Devaluing the Concurrency
10:10 AM, Oct 27, 2011 • By THOMAS DONNELLY
But defense industry analyst Loren Thompson more accurately explained the immediate effect to Reuters: “If the government succeeds in shifting the ultimate risk…then it could easily wipe out any profit on the program and leave the company unprotected against future liability.” Only in the Defense Department can you ask a someone to invent an airplane unlike any previous airplane, change your mind repeatedly about what sort of airplane you’d like, change your mind repeatedly about what it “should cost,” and then hold the inventor liable for all the changes and expenses. Now that’s procurement reform!
While it’s politically expedient to beat up on defense contractors – the “military-industrial complex” commands very few votes these days – it makes for very bad policy. Even when weapons programs aren’t “highly concurrent,” they rest upon trust that goes beyond the letter of the contract. And as Lockheed, which is pushing back against the proposed shift in cost-sharing, well knows, its ability to attract public capital will be crippled if it’s forced to eat the costs of both its mistakes and the Defense Department’s. Punishing Lockheed in this way will send a chill throughout the industry. The ultimate result would be to weaken the entire system that has ensured the predominance of Americans on future battlefields. The defense industry is hardly a case of pure capitalism, but it has proved to be far better than any state-run arsenals, particularly when it comes to innovation.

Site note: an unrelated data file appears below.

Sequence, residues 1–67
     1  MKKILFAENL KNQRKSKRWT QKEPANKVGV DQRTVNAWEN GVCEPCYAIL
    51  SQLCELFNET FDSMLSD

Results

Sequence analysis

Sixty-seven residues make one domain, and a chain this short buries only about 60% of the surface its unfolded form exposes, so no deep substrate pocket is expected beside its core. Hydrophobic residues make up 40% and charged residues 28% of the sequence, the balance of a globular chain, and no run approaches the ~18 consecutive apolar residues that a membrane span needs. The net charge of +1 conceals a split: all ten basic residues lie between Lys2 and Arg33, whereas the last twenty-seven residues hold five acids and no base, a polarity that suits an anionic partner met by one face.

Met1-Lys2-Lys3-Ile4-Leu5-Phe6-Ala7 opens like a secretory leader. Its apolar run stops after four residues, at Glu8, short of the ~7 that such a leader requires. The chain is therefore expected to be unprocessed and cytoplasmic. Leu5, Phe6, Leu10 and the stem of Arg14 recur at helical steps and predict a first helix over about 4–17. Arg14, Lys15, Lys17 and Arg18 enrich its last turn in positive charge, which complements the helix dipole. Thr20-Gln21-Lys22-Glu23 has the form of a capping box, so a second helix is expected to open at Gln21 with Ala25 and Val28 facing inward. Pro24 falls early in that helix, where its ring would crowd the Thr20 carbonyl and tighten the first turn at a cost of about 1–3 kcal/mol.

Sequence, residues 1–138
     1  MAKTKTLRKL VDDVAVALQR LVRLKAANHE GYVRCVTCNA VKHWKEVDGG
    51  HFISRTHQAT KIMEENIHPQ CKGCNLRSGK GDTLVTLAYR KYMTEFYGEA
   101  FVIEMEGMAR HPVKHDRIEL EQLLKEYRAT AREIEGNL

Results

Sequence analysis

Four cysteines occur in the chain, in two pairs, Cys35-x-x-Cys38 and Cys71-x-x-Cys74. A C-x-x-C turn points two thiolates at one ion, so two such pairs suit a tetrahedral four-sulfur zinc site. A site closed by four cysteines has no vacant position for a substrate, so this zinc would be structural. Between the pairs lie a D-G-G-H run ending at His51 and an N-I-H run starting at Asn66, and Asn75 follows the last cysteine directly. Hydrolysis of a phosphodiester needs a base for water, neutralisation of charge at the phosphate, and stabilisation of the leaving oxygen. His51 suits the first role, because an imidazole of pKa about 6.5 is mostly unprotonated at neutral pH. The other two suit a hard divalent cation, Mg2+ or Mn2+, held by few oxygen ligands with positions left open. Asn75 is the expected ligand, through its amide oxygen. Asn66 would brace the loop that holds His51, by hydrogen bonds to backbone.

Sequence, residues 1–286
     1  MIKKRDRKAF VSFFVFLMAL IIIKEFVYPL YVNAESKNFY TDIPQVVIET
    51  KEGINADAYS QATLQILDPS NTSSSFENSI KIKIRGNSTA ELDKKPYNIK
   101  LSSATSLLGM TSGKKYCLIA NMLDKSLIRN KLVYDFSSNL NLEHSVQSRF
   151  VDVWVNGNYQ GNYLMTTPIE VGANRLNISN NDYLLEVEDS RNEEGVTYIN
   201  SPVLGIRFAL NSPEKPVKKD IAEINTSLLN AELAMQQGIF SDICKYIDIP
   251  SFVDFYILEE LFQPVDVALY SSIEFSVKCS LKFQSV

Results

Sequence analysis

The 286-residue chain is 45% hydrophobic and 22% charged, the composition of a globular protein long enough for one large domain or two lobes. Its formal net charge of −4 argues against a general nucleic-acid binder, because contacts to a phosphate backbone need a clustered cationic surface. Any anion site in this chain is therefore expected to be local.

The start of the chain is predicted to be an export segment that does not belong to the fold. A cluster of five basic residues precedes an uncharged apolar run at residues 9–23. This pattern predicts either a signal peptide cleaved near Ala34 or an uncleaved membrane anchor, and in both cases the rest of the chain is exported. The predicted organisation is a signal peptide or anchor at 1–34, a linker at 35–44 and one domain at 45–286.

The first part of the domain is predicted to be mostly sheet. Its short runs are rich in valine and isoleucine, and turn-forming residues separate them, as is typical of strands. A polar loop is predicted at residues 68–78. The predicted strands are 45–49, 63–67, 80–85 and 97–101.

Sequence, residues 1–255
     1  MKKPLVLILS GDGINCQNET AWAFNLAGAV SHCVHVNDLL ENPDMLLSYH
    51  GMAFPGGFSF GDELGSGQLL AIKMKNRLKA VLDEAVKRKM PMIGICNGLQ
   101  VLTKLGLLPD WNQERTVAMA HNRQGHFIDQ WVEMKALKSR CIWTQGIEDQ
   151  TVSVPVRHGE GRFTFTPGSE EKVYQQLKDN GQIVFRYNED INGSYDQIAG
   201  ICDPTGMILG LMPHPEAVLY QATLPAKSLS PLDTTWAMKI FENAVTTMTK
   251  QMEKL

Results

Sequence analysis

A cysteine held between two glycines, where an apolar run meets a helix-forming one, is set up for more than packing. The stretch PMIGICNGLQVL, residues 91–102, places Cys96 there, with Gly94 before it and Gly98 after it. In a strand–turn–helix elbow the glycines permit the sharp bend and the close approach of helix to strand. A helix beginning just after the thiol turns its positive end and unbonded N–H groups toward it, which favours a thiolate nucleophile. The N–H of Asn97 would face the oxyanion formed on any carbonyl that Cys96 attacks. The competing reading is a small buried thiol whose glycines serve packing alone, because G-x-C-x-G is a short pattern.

And for dumping all the development costs onto contractors will only exacerbate the government’s worst habits. The majority of cost growth and schedule problems in acquisition programs stem from decisions made by the government – changes in requirements, unstable funding patterns and the like. This “reform” would allow the Pentagon to play exclusively with house money, and incentivize it to play longer odds.